BY BARBARA PALMER
What was Jane thinking?
Here's your chance to speculate about what university co-founder Jane Stanford placed -- or should have placed -- into a time capsule buried under Building 160 in November 1898.
The time capsule, a copper box 6 inches high and 12 inches long, was unexpectedly uncovered last June during reconstruction of the building, which will house the Wallenberg Global Learning Center. President John Hennessy will open the capsule, which will have remained sealed for nearly 104 years, during a Community Day ceremony at the Mausoleum on April 7.
Until then, the public is invited to send in their best guesses as to what's inside.
A "Jane Stanford Time Capsule Contest," sponsored by University Communications, will award prizes in two categories: accuracy and originality. Winners in the first category will be those who come closest to describing the actual contents of the capsule. The second contest category will award prizes to the most original submissions suggesting items that Jane Stanford could or should have put inside the capsule.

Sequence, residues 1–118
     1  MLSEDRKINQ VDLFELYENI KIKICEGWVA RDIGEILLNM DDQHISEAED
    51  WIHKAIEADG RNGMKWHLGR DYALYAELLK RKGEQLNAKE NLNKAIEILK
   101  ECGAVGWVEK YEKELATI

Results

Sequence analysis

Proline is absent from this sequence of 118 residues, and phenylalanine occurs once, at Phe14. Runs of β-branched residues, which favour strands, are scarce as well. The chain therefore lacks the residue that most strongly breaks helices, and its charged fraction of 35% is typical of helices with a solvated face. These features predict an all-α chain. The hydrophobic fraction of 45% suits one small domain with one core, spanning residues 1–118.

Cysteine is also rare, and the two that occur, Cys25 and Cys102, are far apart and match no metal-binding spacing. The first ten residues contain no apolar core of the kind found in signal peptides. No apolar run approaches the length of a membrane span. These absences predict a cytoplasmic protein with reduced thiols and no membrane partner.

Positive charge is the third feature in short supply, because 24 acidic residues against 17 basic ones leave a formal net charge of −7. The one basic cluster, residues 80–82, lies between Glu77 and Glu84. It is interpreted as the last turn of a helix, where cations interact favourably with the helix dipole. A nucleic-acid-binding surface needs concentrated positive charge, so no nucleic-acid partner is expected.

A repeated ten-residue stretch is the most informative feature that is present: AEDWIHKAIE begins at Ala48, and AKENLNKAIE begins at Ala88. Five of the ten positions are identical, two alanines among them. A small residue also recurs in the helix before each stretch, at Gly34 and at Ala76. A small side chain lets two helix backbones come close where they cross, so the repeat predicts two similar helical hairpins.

The only person on the planet ineligible to enter the contest is campus archivist Maggie Kimball, said Ryan Foley, communications specialist at University Communications. Not coincidentally, Kimball, who will be contest judge, is the only person who knows what is sealed inside the box. Kimball found documentation in Jane Stanford's papers describing the capsule and its contents soon after the box was discovered -- and she's not telling.
"It's impossible to crack Maggie," Foley said. Kimball did offer a list of what Foley described as "obscure and not helpful hints." The hints, along with contest rules, can be found at http://timecapsule.stanford.edu.
The website also provides would-be contest participants with historical context for the capsule, describing values set out in the university's founding grant and summing up Jane Stanford's background and character. The capsule's contents are "truly representative of the time -- and of Jane's feeling for the university," Kimball said.
The capsule currently is on display in the lobby of the Cantor Arts Center. Contest participants, who can submit as many guesses as they'd like, can enter submissions on the website or at the Cantor Center. All guesses must be submitted by Wednesday, April 3, 2002.
Sponsors have yet to
announce a list of prizes, but Foley did say they are giving
thought to prize portability. The contest could be a global one, he
said. "We really hope it develops a life of its own."
Stanford Report, November 14, 2001